Food insecurity is associated with high risk glycemic control and higher health care utilization among youth and young adults with type 1 diabetes

Diabetes Res Clin Pract. 2018 Apr;138:128-137. doi: 10.1016/j.diabres.2018.01.035. Epub 2018 Feb 8.


Aims: Household food insecurity (FI), i.e., limited availability of nutritionally adequate foods, is associated with poor glycemic control among adults with type 2 diabetes. We evaluated the association of FI among youth and young adults (YYA) with type 1 diabetes to inform recent clinical recommendations from the American Diabetes Association for providers to screen all patients with diabetes for FI.

Methods: Using data from the Washington and South Carolina SEARCH for Diabetes in Youth Study sites, we conducted an observational, cross-sectional evaluation of associations between FI and glycemic control, hospitalizations, and emergency department (ED) visits among YYA with type 1 diabetes. FI was assessed using the Household Food Security Survey Module, which queries conditions and behaviors typical of households unable to meet basic food needs. Participants' HbA1c were measured from blood drawn at the research visit; socio-demographics and medical history were collected by survey.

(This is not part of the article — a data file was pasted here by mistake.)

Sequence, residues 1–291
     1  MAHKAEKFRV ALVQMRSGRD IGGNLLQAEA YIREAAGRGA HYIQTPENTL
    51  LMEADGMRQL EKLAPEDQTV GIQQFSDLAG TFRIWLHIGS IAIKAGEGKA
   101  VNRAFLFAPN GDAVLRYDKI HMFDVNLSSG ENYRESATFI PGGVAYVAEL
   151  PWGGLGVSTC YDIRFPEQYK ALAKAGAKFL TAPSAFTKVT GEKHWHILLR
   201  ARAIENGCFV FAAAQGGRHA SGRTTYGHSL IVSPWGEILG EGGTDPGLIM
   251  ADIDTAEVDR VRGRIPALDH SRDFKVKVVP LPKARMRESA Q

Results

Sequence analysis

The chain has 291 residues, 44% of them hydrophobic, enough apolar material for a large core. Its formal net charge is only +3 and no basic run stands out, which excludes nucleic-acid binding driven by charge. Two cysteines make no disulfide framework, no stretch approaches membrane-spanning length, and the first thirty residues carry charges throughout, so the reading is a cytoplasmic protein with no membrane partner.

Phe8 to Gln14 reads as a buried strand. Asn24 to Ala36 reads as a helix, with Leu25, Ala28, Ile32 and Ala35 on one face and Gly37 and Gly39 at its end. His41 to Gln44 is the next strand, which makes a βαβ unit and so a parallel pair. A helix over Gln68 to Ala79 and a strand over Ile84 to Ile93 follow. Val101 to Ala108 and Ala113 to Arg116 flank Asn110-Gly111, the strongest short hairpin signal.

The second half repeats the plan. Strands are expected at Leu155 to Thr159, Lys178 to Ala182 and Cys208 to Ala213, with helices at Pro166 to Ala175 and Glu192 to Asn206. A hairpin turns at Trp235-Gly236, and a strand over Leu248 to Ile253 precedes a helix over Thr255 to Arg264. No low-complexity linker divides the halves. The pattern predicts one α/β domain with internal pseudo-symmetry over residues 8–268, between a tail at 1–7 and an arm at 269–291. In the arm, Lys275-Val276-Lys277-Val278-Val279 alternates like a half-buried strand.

Results: The prevalence of FI was 19.5%. In adjusted logistic regression analysis, YYAs from food-insecure households had 2.37 higher odds (95% CI: 1.10, 5.09) of high risk glycemic control, i.e., HbA1c >9.0%, vs. peers from food-secure households. In adjusted binomial regression analysis for ED visits, YYAs from food-insecure households had an adjusted prevalence rate that was 2.95 times (95% CI [1.17, 7.45]) as great as those from food secure households.

Conclusions: FI was associated with high risk glycemic control and more ED visits. Targeted efforts should be developed and tested to alleviate FI among YYA with type 1 diabetes.

Keywords: Emergency department; Hospitalizations; Pediatric; Social determinants of health.

Publication types

  • Multicenter Study

MeSH terms

  • Adolescent
  • Cross-Sectional Studies
  • Diabetes Mellitus, Type 1 / complications*
  • Diabetes Mellitus, Type 1 / pathology
  • Female
  • Food Supply / methods*
  • Humans
  • Hyperglycemia / etiology*
  • Hyperglycemia / pathology
  • Male
  • Patient Acceptance of Health Care*
  • Risk